Union Auto Illumination inverted microscope

Received from Mr Graham Pratt

Dear Mr Saunders-Davies,

I have been fortunate to acquire a Union Auto Illumination Microscope, Mic 969. It seems a most desirable instrument, with superb build quality. However, I do not have any instruction manual or details of this instrument. I have contacted the manufacturers, who still make microscopes in Japan; apparently its manufacture was discontinued some thirty years ago and unfortunately they cannot supply me with any details. I wonder if your good self or any of your colleagues have any experience with this instrument? I have included four photographs showing various viewpoints of the microscope.

Union Auto 1Union Auto 2

Union Auto 4Union Auto 3

There are three eyepieces, a matched pair marked WFH10× with detachable soft plastic extensions, for spectacle wearers. The third eyepiece is marked Ke10× and has a helical focusing thread. [Ed: A measuring graticule would be placed inside the eyepiece, and the helical mount used to focus on it.]

There are six objectives with standard RMS thread, all coated lenses and all carrying the designation T.L. 170. Starting with the lowest power, M5×, F10×, MF20×, MF40×, BF40×, and lastly, Oil M100×. All the optics are original and carry the microscope logo.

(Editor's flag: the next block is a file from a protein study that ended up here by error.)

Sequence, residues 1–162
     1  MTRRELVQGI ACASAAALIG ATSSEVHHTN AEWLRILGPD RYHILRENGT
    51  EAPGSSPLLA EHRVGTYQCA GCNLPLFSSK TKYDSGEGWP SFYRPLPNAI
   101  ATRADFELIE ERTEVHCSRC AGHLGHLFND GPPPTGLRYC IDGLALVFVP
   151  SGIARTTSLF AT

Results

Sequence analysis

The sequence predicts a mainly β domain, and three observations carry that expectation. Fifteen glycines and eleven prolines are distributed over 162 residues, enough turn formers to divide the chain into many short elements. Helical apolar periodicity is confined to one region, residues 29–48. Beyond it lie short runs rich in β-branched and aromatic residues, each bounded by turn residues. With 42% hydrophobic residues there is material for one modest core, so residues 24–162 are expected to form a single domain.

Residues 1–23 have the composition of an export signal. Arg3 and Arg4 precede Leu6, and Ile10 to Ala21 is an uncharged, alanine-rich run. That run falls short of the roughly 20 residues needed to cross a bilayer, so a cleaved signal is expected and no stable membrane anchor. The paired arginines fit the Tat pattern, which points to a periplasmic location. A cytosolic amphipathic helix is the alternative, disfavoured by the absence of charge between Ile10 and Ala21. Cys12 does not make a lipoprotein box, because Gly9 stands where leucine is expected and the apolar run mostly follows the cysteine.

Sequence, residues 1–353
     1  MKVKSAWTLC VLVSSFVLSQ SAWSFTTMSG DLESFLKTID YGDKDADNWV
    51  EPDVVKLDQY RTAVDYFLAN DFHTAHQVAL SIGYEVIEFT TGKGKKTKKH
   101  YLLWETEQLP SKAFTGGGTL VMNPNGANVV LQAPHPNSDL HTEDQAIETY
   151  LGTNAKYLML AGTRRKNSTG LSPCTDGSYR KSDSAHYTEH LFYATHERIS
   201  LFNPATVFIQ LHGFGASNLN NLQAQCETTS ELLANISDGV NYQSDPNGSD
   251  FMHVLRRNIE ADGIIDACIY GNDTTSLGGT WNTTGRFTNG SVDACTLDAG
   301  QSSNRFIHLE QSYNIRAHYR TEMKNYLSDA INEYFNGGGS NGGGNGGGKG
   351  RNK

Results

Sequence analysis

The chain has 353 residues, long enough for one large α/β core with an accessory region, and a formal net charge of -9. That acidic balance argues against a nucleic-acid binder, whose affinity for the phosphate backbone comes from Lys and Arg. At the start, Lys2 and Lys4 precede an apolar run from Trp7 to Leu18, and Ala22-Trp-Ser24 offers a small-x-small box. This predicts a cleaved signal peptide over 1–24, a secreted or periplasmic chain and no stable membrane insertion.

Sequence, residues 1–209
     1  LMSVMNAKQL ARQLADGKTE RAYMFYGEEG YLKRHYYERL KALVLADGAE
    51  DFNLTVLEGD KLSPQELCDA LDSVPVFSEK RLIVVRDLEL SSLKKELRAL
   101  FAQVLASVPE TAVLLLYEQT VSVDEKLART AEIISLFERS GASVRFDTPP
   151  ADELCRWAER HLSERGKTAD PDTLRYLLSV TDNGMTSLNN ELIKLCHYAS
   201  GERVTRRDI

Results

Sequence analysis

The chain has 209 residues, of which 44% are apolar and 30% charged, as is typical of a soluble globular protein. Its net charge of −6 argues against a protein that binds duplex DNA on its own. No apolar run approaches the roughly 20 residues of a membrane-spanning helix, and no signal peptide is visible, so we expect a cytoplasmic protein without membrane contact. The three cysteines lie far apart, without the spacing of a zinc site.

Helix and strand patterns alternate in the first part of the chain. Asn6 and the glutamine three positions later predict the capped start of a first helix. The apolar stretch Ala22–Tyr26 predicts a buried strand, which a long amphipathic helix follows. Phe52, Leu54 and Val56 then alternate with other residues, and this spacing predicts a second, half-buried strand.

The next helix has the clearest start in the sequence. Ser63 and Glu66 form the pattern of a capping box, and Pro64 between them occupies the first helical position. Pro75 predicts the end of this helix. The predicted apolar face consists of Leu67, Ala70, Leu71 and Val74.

The microscope itself has two light sources. One at the top includes a condenser with comprehensive adjustments, and filter slots. The other is placed beneath the objective turret and illuminates the subject through the microscope objectives; this assembly has an aperture iris diaphragm, a field iris diaphragm, filter and polariser mounts. At the other end of this structure is an oblique optical mirror; is this for adjusting the light source?

Finally the microscope uses two bulbs, and I was fortunate to have five spares. They are bayonet type 6 volt 15 watt bulbs, about the size of an old-fashioned torch bulb, carrying the designation EL-11. Well thank you Tony for your kind assistance. Please excuse the terminology etc. as I am very new to microscopy.

Kindest regards

Yours sincerely

Graham Pratt, Wigston, Leicester

[Ed: While this was e-mailed to me, it was so interesting, and posed so many questions that I hope many readers will be able to answer, that I felt it deserved a separate section. Congratulations Mr Pratt, you have clearly acquired a very fine instrument!]

↑ Top of page

Following the publication of the article on the website, the following e-mail was received:

2nd March 2003

Hello Tony

With reference to the Union Microscope item on the Internet, could I refer you to items of mine in the Manchester Microscopical Society’s newsletters 51 and 52, that is the January and May 2002 editions, in which I wrote papers referring to my Union Inverted Microscope. Edition 51 gave details and 52 showed the microscope as used in DEP research. It is a very good machine, and I have had mine for a considerable number of years. I find it equal to Wild and Nikon inverted microscopes that I used in medical research at a University Department in which I worked. I could not find any address for Mr Pratt to contact him direct.

Best wishes

Lawrence M. Bowler

↑ Top of page